Lastly, a more newly described type of cellular death is necroptosis which acts as an intermediate between necrosis and apoptosis. Cells undergoing necroptotic death show features more morphologically similar to necrosis and the immune system creates a highly inflammatory response, but in contrast to necrosis, necroptosis is a well-regulated process, similar to apoptosis (84, 94). Along with this relationship, necroptosis, and apoptosis have a great deal of overlap in their regulation. Apoptosis is promoted by TNFα binding and conversion of the TNFR complex I to the TNFR complex II/alternative TNFR complex (84). Also, the TNFR complex II can regulate as well as induce necroptosis when RIP1 and RIP3 are recruited and deubiquitinated (84). RIP1 and RIP3 are generally under the control of caspase-8, but when an inactivation of the caspase-8 gene occurs, induction of necroptotic cell death ensues although the mechanism by which this occurs is not completely understood (84). Necroptosis is an increasingly important mechanism of cellular death in the intestinal epithelium. Studies have shown that necroptosis of intestinal epithelial cells can result in intestinal inflammation and ultimately produce pathophysiology similar to inflammatory bowel disease (IBD). This was done by creating conditional knockout mice with deletion of FADD or caspase-8, the regulator of necroptosis, in intestinal epithelial cells (54, 95, 96). Interestingly, in addition to induction of necroptosis, this knockout also resulted in spontaneous inflammation and an absence of Paneth cells (84, 95, 96). On further examination, the authors discovered that Paneth cells were uniquely sensitive to necroptosis. This is now thought to be due to the high expression of RIP3, a key modulator of necroptosis, in Paneth cells of humans and mice (84, 95, 96). Necroptosis has also been recently shown to play a role in development of NEC (94). In preterm infants who develop NEC, there is a higher degree of expression in genes related to necroptosis such as RIPK1, RIPK2, and MLKL compared to preterm infants who do not develop NEC (94). Moreover, increased expression of these three necroptosis related genes was correlated with a greater degree of NEC severity (94). This trend was also observed in murine experimental NEC conditions (94). Overall, these studies highlight the importance of necroptosis as well as Paneth cells in NEC.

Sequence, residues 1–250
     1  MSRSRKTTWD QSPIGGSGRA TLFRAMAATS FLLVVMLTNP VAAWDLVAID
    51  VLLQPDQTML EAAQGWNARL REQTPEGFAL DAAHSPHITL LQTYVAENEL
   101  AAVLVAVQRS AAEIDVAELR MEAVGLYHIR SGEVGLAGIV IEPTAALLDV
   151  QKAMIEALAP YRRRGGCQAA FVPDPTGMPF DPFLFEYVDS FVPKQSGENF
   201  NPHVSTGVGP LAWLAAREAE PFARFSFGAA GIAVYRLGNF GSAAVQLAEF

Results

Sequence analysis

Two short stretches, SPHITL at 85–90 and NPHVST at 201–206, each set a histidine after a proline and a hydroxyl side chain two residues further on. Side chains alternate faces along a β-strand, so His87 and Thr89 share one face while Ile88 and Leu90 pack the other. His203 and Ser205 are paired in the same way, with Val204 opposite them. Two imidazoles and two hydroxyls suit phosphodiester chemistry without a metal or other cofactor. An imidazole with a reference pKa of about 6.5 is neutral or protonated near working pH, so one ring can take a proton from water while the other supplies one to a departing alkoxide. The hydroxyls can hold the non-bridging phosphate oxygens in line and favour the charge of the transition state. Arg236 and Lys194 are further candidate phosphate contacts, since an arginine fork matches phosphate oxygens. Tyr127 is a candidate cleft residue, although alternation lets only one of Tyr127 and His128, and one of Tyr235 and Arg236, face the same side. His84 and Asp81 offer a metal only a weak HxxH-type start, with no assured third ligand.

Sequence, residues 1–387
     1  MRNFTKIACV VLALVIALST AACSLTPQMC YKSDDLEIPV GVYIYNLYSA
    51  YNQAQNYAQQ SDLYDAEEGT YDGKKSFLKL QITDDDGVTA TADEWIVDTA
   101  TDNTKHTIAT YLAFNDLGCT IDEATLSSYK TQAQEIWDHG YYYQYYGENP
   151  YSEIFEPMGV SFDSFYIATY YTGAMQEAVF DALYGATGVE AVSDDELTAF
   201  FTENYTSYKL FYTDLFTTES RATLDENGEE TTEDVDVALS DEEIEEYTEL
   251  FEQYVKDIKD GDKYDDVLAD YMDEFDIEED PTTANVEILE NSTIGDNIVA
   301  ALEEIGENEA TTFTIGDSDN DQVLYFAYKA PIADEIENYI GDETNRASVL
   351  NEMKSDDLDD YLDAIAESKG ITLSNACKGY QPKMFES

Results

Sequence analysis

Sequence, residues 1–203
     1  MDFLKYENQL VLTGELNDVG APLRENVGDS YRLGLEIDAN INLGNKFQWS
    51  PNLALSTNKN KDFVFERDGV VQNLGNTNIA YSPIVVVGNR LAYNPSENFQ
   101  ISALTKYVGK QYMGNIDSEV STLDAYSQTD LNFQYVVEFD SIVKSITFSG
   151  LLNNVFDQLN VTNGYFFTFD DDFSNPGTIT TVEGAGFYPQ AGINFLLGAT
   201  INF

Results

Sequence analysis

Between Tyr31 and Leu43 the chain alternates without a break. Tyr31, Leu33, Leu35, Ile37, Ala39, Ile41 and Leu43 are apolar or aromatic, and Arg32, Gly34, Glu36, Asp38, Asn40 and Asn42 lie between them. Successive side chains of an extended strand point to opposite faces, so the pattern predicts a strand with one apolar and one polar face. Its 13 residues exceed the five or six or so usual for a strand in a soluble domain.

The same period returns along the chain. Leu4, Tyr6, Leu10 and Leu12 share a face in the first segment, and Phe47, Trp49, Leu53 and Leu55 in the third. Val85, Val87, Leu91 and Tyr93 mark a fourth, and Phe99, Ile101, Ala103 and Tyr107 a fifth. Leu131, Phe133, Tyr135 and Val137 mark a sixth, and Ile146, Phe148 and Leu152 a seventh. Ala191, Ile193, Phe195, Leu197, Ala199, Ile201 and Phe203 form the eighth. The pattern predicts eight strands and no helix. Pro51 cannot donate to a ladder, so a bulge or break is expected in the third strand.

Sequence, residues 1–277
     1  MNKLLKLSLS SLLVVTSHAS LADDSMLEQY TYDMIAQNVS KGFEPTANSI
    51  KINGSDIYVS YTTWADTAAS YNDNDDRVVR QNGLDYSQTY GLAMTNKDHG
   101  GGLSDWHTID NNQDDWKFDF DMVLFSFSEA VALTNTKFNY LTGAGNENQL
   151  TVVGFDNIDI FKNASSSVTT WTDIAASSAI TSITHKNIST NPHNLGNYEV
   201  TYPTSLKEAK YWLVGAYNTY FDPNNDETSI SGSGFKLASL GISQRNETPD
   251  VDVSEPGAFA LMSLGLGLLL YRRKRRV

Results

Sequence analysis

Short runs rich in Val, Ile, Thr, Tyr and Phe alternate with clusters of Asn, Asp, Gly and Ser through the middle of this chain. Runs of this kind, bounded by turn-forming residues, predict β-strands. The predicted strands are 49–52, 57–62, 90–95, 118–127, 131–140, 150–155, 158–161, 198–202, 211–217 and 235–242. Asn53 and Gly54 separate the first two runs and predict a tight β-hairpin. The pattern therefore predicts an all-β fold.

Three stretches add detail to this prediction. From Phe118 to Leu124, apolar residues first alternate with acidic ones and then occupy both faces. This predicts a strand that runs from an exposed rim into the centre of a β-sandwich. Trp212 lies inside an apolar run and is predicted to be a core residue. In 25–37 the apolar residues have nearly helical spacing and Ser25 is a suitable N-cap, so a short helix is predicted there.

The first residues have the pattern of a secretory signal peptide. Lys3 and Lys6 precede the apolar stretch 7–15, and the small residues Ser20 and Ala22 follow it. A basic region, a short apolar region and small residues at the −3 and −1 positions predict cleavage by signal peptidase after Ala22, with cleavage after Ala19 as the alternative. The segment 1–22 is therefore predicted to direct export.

Paneth Cells and Necrotizing Enterocolitis (NEC)
For preterm infants, one of the leading causes of morbidity and mortality, and the most devastating intestinal complication, is development of NEC (97). The incidence of NEC varies widely among developed countries, ranging from 5 to 22% in infants with birth weight <1,000 g (98), and in the US is around 7% (97). Risk factors associated with development of NEC in the preterm infant include degree of prematurity, low birth weight, formula feeding, intestinal ischemia, prolonged antibiotic use, and anemia (99–102). However, the exact etiologic mechanisms and pathophysiology of NEC is still incomplete. In addition, the NEC phenotype may actually be the result of a final common pathway starting from multiple inciting events that results in an imbalance between mucosal injury and epithelial defense and repair, with activation of an unchecked pro-inflammatory cascade (103). As a disease process, NEC is unique in the Neonatal Intensive Care Unit (NICU) population. While the incidence of NEC is directly correlated to the degree of prematurity (the more premature, the more likely to develop NEC), the onset of NEC doesn't happen at birth, but rather weeks after and this delay is longer in the more premature infants. The result is that the incidence of NEC begins to increase at 28 weeks corrected gestational age, peaks at 32 weeks corrected gestational age, and steadily decreases at older corrected gestational ages (67). Theories have been suggested to explain this delay including feeding practices, development of microbial dysbiosis, or the accumulation of mesenteric hypoxic events (99–102). However, there is currently no universally accepted mechanistic explanation. We propose that another plausible reason may be a disruption in the function or quantity of Paneth cells (17, 67, 104).